How the Pandemic Allowed Upstart Toilet Tissue Brand No. 2 to Take a Swipe at the Big Rolls

Save the forests—and do away with something called 'butt crumble'

No. 2 eschews plastic wrapping in favor of paper, using distinctive patterns to turn rolls into a design accent. No. 2
Headshot of Robert Klara

Key insights:

Most every upstart brand hopes for a big breakthrough, that golden moment when its product gets picked up by a magazine, featured in a TV segment or appears on some celebrity’s social media account. There are many ways that a formerly obscure brand can suddenly gain the spotlight and, with it, the chance to go big.
Entrepreneur Samira Far thought that her own brand, which is called No. 2, would get its big break sooner or later. She did not think that break would come because of Covid-19.
“This is a weird one for sure,” Far told Adweek. “We weren’t banking on it.”
Founded last year, No. 2 is a toilet tissue made from bamboo—a fast-growing woody plant whose durable pulp eliminates the need to cut down forests. As such, it falls into a growing but still modestly sized category of sustainable products—household goods that cost a little more but get tossed into the shopping cart by consumers who are increasingly worried about the fate of the environment.
After her research revealed that whole forests get leveled to make toilet paper, whose rolls come wrapped in polyvinyl chloride, Far figured the segment was vulnerable to a challenger brand like hers.
“When the industry is dominated by one type of service or product, there’s always room for disruption,” she said. “I felt that the brands and the way they were packaged in bulky plastic was very, very outdated.”
But Far had her work cut out for her. Toilet paper is a very big business. It’s worth $9.7 billion in North America alone, according to data from Euromonitor International. But it’s a category ruled by habit—a family tends to choose a brand and stick with it—and dominated by the big boys. Nearly three quarters of the toilet tissue market falls under the control of a triumvirate of corporations: Procter & Gamble boasts a 29.4% share, Kimberly-Clark has 22.6% and Georgia-Pacific controls another 22.4%. These companies sit on marketing budgets worth literal billions.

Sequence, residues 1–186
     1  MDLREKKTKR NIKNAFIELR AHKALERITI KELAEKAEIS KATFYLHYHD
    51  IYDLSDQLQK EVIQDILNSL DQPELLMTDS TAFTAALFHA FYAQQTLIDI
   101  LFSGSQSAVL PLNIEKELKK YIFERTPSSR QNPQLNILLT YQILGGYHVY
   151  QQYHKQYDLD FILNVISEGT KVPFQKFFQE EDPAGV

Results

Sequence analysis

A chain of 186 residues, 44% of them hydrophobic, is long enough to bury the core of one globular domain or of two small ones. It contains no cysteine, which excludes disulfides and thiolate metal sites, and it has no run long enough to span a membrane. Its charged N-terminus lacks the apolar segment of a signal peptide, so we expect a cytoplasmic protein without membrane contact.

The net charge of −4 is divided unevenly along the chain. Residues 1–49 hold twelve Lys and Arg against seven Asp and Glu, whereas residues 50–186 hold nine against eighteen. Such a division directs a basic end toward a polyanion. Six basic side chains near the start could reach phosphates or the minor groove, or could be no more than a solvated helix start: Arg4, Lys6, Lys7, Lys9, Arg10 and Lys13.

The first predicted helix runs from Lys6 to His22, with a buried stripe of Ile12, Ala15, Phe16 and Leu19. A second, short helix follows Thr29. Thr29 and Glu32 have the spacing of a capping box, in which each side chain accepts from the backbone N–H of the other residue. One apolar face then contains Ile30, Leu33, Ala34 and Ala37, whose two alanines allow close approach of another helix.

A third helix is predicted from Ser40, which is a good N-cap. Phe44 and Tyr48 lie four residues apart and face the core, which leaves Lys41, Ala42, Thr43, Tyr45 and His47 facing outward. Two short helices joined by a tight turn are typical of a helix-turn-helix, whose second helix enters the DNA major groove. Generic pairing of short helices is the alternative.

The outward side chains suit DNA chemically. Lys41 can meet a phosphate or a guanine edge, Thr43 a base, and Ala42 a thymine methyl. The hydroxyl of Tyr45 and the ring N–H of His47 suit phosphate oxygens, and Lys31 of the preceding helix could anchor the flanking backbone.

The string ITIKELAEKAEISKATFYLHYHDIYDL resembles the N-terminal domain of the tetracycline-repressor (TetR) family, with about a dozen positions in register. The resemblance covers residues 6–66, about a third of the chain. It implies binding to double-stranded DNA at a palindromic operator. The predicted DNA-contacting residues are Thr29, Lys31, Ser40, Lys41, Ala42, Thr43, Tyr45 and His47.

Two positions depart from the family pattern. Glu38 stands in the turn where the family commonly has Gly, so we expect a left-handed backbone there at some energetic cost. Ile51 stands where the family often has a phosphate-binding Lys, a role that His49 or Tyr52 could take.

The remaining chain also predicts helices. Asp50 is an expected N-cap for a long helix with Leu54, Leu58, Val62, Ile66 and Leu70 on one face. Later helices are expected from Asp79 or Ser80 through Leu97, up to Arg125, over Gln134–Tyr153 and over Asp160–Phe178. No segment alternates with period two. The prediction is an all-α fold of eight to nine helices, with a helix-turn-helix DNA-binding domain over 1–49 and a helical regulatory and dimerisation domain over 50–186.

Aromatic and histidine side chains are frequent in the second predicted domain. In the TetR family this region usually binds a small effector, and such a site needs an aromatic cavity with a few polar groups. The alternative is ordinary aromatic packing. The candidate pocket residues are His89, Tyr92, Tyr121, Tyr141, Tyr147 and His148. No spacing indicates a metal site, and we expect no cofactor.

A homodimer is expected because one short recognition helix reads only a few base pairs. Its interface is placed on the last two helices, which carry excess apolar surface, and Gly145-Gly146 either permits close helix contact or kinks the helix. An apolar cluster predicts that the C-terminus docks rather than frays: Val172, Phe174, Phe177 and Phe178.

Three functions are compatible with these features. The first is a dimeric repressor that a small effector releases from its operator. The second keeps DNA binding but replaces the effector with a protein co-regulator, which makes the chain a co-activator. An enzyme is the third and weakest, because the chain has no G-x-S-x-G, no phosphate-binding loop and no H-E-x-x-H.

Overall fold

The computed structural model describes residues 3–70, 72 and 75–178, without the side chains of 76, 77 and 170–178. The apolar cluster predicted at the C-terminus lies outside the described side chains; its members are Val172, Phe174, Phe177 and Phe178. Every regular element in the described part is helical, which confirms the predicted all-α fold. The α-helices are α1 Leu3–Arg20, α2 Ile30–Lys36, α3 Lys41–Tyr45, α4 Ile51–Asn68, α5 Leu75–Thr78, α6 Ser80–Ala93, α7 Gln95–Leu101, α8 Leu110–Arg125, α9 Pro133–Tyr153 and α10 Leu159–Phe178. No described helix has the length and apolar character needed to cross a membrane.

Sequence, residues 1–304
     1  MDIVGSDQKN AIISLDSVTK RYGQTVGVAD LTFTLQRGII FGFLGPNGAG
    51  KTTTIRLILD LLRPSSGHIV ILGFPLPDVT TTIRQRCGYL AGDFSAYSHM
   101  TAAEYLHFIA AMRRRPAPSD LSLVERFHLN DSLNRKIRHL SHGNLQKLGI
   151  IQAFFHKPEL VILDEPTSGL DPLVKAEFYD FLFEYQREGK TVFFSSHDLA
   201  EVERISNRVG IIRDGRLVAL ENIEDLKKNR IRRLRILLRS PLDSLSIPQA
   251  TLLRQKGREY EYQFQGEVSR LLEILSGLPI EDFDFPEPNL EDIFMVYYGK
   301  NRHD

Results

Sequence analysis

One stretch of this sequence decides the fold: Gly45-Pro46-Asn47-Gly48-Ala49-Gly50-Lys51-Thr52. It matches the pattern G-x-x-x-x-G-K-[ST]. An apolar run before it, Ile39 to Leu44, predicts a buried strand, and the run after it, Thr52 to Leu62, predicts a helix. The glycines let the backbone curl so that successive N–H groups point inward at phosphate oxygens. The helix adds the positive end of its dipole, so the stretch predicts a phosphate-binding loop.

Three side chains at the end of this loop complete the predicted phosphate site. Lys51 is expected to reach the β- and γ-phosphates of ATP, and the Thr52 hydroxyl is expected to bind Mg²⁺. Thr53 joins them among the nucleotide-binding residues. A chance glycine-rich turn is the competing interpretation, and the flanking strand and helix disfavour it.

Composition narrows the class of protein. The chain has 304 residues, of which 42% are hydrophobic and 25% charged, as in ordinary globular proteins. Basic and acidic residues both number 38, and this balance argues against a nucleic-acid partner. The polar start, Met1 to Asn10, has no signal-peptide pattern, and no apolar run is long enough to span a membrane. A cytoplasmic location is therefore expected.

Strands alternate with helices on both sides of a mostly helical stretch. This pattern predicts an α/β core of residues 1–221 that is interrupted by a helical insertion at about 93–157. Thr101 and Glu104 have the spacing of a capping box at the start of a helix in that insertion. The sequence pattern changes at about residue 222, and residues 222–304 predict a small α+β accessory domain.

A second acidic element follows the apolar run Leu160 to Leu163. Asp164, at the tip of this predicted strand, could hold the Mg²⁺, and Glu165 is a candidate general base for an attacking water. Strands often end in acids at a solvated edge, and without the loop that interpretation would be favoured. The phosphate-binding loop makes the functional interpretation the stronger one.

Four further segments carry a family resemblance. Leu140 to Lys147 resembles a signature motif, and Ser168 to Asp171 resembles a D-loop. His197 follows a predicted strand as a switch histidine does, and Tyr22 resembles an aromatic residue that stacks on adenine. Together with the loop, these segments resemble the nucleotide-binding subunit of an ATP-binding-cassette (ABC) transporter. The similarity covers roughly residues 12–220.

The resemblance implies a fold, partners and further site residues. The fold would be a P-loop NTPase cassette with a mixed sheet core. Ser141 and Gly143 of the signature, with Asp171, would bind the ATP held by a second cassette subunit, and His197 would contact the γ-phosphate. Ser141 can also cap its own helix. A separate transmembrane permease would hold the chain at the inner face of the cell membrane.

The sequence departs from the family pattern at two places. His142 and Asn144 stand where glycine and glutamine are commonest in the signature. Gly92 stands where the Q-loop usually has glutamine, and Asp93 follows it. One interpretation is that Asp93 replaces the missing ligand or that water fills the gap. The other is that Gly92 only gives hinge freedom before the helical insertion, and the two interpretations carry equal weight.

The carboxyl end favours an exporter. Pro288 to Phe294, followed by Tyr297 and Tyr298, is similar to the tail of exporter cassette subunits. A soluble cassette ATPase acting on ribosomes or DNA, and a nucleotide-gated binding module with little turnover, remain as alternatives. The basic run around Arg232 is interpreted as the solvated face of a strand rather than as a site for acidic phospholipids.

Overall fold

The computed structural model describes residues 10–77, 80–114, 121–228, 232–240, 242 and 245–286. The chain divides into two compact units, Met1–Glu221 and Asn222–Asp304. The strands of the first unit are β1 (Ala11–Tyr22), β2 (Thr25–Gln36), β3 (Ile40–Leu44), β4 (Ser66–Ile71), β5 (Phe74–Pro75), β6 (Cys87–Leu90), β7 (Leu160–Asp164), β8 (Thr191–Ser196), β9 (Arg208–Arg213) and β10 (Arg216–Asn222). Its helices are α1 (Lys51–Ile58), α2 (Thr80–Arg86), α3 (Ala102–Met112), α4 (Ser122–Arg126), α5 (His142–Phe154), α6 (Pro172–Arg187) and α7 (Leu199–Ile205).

Then Covid-19 appeared. As many a news story has documented, one of the first items stripped from store shelves was toilet paper. According to NPD, bathroom tissue sales in March and April were up by 58% over the same period last year. Put another way: Freaked-out consumers in full-on hoarding mode spent $1.6 billion on toilet paper.
And once shoppers could no longer find their usual brand on the shelves, they took desperately to the internet—where Far’s brand was waiting. No. 2 could be found on a handful of speciality sites like Goop, on the brand’s homepage and, fortunately, on Amazon. Far began seeing a dramatic sales rise on March 9, then a surge two days later. Within 10 days, every last roll had sold out.
“People were clearly going to Google and seeing where they could find toilet paper, because it was the first time people could think about toilet paper,” Far said. “It’s usually something they don’t think about.”
But now that most of the panic buying is over and Far’s stocks are replenished, the challenge is to make the most of the unexpected opportunity. Far will need to do that with the brand’s differentiation.

The bamboo pulp and decorative paper add to No. 2's cost, but Far is confident consumers will be willing to pay more.
No. 2

Visitors to No. 2’s site will learn, for example, that the world cuts down 27,000 trees every day to make the toilet tissue that does the world’s wiping. Bamboo is a far more renewable resource because a bamboo forest grows to full height in as few as four years, versus at least 20 (and perhaps even 50) years for a deciduous forest.
No. 2 also eliminates a problem that the company refers to as “butt crumble”—a condition (which Far has trademarked) that involves little bits of tissue sticking to … well, look it up.

@UpperEastRob Robert Klara is a senior editor, brands at Adweek, where he specializes in covering the evolution and impact of brands.